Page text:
|$80 mil purchase
Timber industry suffers shutdowns, slowdowns in region
By Tom Kelly
North Louisiana continued to feel the pain of slack demand for wood products, with most mills in the region working short schedules, and some facilities announced for closing. But one mainstay of the agricultural economy got a reprieve with the announcement in late March that the Pilgrim's Pride poultry processing plant in Farmerville has a buyer with plans to keep it running.
Weyerhaeuser Company announced the closure of its plywood veneer mill at Dodson, affecting 183 positions, and at Simsboro, losing 47 positions.
Smurfit-Stone Container Corp. Hodge, Louisiana kraft paper mill resumed operations after a month-long shutdown, with the parent company entering Chapter 11 bankruptcy with new financing.
International Paper Company kraft mill at Bastrop remains closed permanently, and the Morehouse Parish city continues the process of belt tightening to take up the slack in its economy.
The brand-new Jeld-Wen door and window plant two miles south of Dodson sits completed but idle, as the Grants Pass, Oregon-based company elected to delay opening until home construction nationwide recovers from its decline.
Other wood products manufacturers in the region are operating on the edge, taking intermittent downtime which spreads into the wider logging community, as timber demand slackens.
But the most devastating blow, the announced closure of the Pilgrim's Pride poultry processing plant at Farmerville, Union Parish, near the Arkansas border, has had a happier ending--a California-based nationwide meat processing company, Foster Farms, prepared to enter an agreement to buy the plant for a reported $80 million.
Pilgrim's Pride, a publicly traded company based in Pittsburg, Texas, announced in February that it would close plants in Farmerville, Louisiana, El Dorado, Arkansas, and one in Georgia. Layoffs totaling 1,294 employees were to be affected as well as some 300 independent contract growers in the region, a hatchery in Athens, Louisiana, a hatchery and live operations office in Choudrant, Louisiana, and a feed mill at Arcadia, Louisiana.
An economic disaster loomed, not only for the employees of the Farmerville plant, but also the growers who operate the houses in which baby chicks are raised to market size. Many, if not most, are heavily mortgaged, with houses equipped to specifications required by the processors.
The seven-parish region of north and northwest Louisiana served by Pilgrim's Pride facilities produces over 90 percent of the $1.73 billion poultry output in Louisiana, according to figures from the Louisiana AgCenter for the calendar year 2007, latest whole year available.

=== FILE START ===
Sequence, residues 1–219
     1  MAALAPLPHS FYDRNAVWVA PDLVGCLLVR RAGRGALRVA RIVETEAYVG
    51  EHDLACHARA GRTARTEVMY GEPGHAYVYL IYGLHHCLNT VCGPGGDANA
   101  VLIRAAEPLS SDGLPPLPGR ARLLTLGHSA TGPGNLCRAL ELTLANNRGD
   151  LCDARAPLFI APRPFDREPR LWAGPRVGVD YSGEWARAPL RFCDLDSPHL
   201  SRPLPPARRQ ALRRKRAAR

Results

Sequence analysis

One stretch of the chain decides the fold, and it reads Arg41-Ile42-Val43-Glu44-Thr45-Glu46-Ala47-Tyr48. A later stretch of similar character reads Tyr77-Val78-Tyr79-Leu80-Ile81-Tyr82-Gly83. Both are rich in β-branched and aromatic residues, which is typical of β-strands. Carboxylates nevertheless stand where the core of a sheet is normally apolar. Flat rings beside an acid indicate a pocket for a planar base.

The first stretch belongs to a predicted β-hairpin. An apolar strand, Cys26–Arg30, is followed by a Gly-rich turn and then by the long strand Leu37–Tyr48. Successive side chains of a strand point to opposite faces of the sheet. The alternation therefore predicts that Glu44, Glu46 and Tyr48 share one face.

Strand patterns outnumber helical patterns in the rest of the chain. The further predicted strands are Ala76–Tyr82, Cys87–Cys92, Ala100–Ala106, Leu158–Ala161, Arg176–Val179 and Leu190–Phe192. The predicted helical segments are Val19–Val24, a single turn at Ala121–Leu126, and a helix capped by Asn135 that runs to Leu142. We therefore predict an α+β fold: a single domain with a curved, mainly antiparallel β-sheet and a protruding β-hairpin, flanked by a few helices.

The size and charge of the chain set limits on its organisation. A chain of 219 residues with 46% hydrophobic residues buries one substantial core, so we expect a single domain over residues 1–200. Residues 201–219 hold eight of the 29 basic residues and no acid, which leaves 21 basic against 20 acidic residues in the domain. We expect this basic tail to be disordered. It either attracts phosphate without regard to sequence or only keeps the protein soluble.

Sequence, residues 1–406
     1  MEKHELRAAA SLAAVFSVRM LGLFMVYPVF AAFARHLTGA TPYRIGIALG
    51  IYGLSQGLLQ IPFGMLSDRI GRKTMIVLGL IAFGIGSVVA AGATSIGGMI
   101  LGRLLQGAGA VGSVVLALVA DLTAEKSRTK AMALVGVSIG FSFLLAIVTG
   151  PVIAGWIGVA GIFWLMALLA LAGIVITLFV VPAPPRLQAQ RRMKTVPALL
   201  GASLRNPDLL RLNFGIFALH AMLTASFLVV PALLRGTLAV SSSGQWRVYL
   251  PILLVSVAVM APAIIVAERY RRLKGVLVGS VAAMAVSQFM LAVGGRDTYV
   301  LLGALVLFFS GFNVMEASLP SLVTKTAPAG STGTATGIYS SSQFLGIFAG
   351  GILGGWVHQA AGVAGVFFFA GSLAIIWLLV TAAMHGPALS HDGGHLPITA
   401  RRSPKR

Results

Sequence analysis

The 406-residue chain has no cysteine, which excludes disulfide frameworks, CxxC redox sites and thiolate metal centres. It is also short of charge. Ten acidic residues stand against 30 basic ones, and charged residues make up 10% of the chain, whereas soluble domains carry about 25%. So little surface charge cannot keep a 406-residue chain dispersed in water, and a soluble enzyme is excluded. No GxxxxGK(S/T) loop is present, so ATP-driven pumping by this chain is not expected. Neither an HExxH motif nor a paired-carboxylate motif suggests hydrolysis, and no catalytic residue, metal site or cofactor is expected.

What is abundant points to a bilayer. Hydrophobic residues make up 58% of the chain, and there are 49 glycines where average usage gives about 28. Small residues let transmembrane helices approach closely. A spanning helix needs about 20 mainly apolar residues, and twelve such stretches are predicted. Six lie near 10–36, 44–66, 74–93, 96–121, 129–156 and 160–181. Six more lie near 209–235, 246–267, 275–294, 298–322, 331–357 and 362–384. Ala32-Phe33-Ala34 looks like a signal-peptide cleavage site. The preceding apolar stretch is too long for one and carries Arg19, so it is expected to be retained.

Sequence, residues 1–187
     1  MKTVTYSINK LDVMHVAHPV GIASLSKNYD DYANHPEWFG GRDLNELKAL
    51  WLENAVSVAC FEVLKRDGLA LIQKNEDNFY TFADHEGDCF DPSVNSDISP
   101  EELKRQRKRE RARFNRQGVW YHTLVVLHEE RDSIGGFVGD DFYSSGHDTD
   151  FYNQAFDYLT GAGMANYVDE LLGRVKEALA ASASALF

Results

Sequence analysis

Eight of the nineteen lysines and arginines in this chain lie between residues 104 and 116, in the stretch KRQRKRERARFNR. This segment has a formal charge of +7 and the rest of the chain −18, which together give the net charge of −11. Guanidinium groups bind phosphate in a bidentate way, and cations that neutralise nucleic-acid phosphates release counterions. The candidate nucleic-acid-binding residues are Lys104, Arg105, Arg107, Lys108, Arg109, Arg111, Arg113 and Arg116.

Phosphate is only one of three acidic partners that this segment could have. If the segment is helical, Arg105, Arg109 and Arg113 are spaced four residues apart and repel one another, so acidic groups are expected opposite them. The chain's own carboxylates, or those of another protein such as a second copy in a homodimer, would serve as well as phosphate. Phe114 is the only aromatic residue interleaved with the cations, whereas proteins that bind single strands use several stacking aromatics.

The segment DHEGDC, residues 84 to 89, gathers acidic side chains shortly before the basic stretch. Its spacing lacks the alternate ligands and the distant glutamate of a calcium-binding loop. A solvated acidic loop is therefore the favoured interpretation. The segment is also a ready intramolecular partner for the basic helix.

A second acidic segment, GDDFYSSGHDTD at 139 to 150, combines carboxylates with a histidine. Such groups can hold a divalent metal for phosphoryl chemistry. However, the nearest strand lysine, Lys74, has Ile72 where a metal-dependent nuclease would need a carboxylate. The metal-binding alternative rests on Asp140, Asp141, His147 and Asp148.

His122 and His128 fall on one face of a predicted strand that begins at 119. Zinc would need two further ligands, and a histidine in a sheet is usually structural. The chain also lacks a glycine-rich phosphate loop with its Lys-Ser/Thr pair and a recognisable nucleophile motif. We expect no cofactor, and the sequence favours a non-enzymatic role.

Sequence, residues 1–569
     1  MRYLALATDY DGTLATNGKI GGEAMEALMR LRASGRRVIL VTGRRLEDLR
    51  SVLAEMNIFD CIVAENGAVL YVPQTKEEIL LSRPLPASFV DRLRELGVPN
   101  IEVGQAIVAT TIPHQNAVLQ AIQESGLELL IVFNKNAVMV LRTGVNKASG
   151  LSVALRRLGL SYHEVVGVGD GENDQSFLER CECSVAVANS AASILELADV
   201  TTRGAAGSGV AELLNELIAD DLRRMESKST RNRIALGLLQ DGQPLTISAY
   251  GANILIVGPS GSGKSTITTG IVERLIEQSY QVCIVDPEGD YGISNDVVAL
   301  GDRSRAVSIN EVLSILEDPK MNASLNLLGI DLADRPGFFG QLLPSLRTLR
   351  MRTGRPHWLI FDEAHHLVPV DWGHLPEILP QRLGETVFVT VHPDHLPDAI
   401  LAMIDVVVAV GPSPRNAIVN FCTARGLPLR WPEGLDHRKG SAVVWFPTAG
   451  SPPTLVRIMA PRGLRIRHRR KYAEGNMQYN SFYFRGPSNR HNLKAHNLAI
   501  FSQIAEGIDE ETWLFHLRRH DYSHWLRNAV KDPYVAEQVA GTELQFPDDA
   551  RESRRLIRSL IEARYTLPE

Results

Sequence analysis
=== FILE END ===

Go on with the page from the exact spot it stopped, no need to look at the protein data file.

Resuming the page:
Because of the economic impact, and number of jobs involved, the Louisiana Economic Development agency, along with the Department of Agriculture and Forestry, stepped into the situation in an effort to keep the Farmerville plant operating.
Pilgrim's Pride operates in 14 states, plus Puerto Rico and Mexico, with a total of 48,000 employees. Facilities includes 32 chicken processing plants in the U.S., and three in Mexico, and 11 prepared food plants, 34 feed mills, and 48 hatcheries, with over 5,000 growers. Gross sales company wide were $8.5 billion.
Besides its Farmerville plant, Pilgrim's also operates a modern processing plant at Natchitoches, which continues running during the Chapter 11 company bankruptcy proceeding.
With an offer of $40 million for purchase of the Farmerville plant by Foster Farms, a family-owned national company based in Livingston, California, Louisiana Economic Development matched with an additional $40 million, which Pilgrim's agreed to accept for the purchase.
Governor Bobby Jindal, and Agriculture and Forestry Commissioner Dr. Mike Strain, along with personnel of Louisiana Economic Development, and LDAF, put the deal together, offering money from the Louisiana Megafund to maintain the plant and related economy in operation.
Dr. Strain told The Piney Woods Journal that there are conditions attached to delivery of the state's money, relating to number of jobs maintained, and others not yet made public during the period of finalizing the purchase. Final approval of the Megafund support depends on approval of the Louisiana Legislature, which meets later this month. Terms of the State grant include repayment if jobs and other conditions are not met, according to Dr. Strain.
The seven parishes of Union, Lincoln, Sabine, Claiborne, Natchitoches, Jackson, and Bienville, produced $818,811,382 in gross farm value from poultry in 2007, which amounted to 92% of the state total of $848.7 million. Poultry in the seven major producing parishes outscored forestry by almost three times over, at $848 million to $274.7 million. (See chart, Page One).
The same seven parishes, also forestry producers, accounted for only 40% of the state's larger forestry farm income of $3.13 billion, which represents over 30 percent of all plant and animal farm value, and over 40 percent of farm value plus value-added by manufacture, statewide.
The new owner at Farmerville, Foster Farms, similarly operates hatcheries, growing houses, feed mills, and other related services. Products include fresh chicken, fresh turkey, and other items, with operations currently in California, Oregon, Washington, Alabama, Colorado, and Arkansas.
Annual Farm Income by Selected
*Latest full calendar year available